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Today's Workplace

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Why Your Organization Needs A Security Breach Notification Plan

All states have laws requiring organizations to notify individuals whose personal data is hacked. Learn more about why.

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Why Your Organization Needs A Security Breach Notification Plan

Facebook has stated that it will not notify the 533 million users who had their personal data accessed in a data breach occurring before August 2019.

Business Insider reported that the stolen data was recently made public in a database on an amateur hacking forum. The stolen user data includes phone numbers, full names, locations, some email addresses, and other profile information.

The data breach affected users in 106 countries.

Facebook stated in a blog post that hackers exploited a vulnerability in a feature that allowed users to find each other by phone number. The feature is no longer being used on the platform.

Facebook reported that it found and fixed the problem in August 2019 and that cybercriminals can no longer use the same method to steal data.

According to a spokesperson for Facebook, the organization decided not to notify users because it is not confident which users need to be notified and the stolen information did not include financial or health information or passwords. In addition, the information was publicly available and users could not fix the issue themselves.

However, according to security experts, the data leak still leaves Facebook users vulnerable. The founder of CyberScout said that phone numbers are a universal identifier and it creates danger for people when their phone number is public.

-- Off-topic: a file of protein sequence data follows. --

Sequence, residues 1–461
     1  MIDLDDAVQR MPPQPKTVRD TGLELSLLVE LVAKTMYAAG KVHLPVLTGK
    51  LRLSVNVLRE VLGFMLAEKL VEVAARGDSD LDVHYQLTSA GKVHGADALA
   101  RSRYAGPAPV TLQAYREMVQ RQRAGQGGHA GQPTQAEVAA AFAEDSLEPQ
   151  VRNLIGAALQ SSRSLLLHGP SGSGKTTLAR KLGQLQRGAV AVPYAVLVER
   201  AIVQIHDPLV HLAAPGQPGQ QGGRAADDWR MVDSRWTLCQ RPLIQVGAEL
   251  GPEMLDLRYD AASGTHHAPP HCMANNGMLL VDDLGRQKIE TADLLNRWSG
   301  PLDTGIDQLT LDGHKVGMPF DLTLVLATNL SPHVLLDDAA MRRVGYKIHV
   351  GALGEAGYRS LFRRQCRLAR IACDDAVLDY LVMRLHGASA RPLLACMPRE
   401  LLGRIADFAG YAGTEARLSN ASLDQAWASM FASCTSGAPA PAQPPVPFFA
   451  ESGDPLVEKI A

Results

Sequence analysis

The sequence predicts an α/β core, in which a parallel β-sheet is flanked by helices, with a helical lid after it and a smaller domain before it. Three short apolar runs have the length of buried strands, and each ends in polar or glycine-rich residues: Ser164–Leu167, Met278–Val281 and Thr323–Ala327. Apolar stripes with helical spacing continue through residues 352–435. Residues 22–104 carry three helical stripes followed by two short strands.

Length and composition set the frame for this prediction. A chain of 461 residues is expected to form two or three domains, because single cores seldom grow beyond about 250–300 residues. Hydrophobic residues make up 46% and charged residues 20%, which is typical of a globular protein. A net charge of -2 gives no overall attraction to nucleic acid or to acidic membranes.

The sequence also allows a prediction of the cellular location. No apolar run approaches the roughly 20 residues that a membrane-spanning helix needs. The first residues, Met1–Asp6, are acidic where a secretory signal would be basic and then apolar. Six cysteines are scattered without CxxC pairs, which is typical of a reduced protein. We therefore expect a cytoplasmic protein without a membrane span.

For example, two-factor authentication frequently relies on phone numbers to verify a person's identity. Emma Bowman "After Data Breach Exposes 530 Million, Facebook Says It Will Not Notify Users" npr.org (Apr. 09, 2021).

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Organizations must follow all applicable security breach notification laws if hackers access personal data stored on your network belonging to employees, customers, or other third parties.

All 50 states, the District of Columbia, Guam, Puerto Rico, and the Virgin Islands have security breach notification laws requiring private and governmental entities to notify individuals of security breaches involving personally identifiable information.

In general, security breach notification laws specify who must comply, what constitutes “personal information” and a “data breach,” how notifications must be made, and exemptions. NCLS “Security Breach Notification Laws” www.ncsl.org (Apr. 15, 2021).

Familiarize yourself now with the laws in any state in which you operate and create a security breach notification plan that adheres to all requirements. Being prepared ahead of time for a data breach is essential to react in a timely manner and avoid violating the law.

Moreover, certain industries, like healthcare, have additional compliance requirements regarding security breaches.

Visit the National Conference of State Legislatures’ website for the security breach notification laws in each state.

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